Bookkeeping and Accounting – The difference

A common question and one that often causes confusion is “What is the difference between a bookkeeper and accountant?”  Its a question that’s asked and has been asked many times before.

To answer that we need to look at what bookkeeping is and what accounting is and where they merge into one.  After all if you are in business and ‘doing your books’ are you not just doing the accounts?


Bookkeeping simply put is the recording of financial transactions.  These transactions can be purchase invoices, sales invoices, receipts and payments.  Bookkeeping will often be more than just posting the transactions for example bank reconciliation’s, supplier and customer reconciliation’s, expense claims and VAT returns can all fall under the bookkeeping remit.

A bookkeeper will most likely look after the day to day processing of the business and complete what are known as day books.  Even though computerised systems do not require books to be written up there are still day books behind the scenes and it will be the bookkeepers job to ensure the correct entries are recorded into the correct day book.


Accounting falls into two main categories.  It can be financial and management accounting, whereby the bookkeeping transactions are collated together and various reports are generate based on the data, such as profit and loss accounts and balance sheets.  This is usually carried out on either a monthly or quarterly basis.

The other category is statutory accounts.  Within the UK all companies (Limited/LLP/Plc) are required to produce and file statutory accounts, these are done after the financial year end and are also known as compliance accounts as they are prepared to comply with the requirements of Companies House and are used to support the returns filed with HMRC.

The same can be said for sole trader and partnership accounts, whereby accounts are prepared to support the information completed and filed in tax returns.


With non-statutory accounts (i.e. the monthly and quarterly accounts) this is often where a crossover occurs, especially when you consider that accountants are learnt to master bookkeeping early on in their development.

Sometimes bookkeepers will prepare management account information such as profit and loss accounts to go with the information they have processed.  Likewise sometimes accountants will carry out the bookkeeping work on behalf of a client, whether that be on a monthly or quarterly basis, or as a one off exercise when preparing statutory accounts.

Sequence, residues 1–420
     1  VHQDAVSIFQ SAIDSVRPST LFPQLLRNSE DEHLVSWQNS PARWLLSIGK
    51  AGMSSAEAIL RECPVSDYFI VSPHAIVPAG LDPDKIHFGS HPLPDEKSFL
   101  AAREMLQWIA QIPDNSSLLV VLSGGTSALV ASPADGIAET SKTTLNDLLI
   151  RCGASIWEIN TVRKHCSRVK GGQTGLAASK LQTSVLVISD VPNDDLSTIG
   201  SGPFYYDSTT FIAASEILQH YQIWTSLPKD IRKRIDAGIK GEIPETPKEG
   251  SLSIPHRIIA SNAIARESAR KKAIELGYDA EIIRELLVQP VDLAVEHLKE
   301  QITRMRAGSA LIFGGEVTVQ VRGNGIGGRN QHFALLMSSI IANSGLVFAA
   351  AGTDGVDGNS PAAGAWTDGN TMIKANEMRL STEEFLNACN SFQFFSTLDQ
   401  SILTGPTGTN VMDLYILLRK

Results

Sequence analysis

This is where people generally get confused and see bookkeeping and accounting to be the same thing.  Whilst in some sense bookkeeping can be part of accounting, for many small businesses it should be seen as a separate exercise.  With well kept and timely prepared books, a small business can use the information to monitor how the business is performing, review expenses, check debtors and creditors and above all keep a watchful eye over cashflow.

Collaboration between bookkeepers and accountants

Bookkeepers and accountants are of key importance to any business, they may be carried out by the same person or different people.  Some accountants are quite happy to carry out the bookkeeping duties but they need to be careful that they do not concentrate too much on this area.

Where businesses can really benefit is when bookkeepers and accountants work together.  Each have their own very unique skill set and by using each others skills and complimenting each others roles a business can really benefit.  All too often bookkeeping is carried out by an accountant or accountancy staff, and whilst there is nothing wrong with this approach when done right, it often means that accountants are involved with processing data when they really should be using their skills to advise on more complex issues such as tax and compliance or interpreting the financial information to support the business owner.

Bookkeepers, accountants and the customer working together can be both cost effective and efficient if done correctly, provided each party know what there role is and what is expected of them.  With cloud based technology such as Xero everyone can share the data and use each other’s skills to their full potential.  There is an excellent article on the Xero blog highlighting this fact.

What other say on the subject?

Other views on the subject and interesting reads include:

AccountingWeb who asked “Are accountants more than bookkeepers? who asked “Accountant for everything or separate bookkeeper and accountant?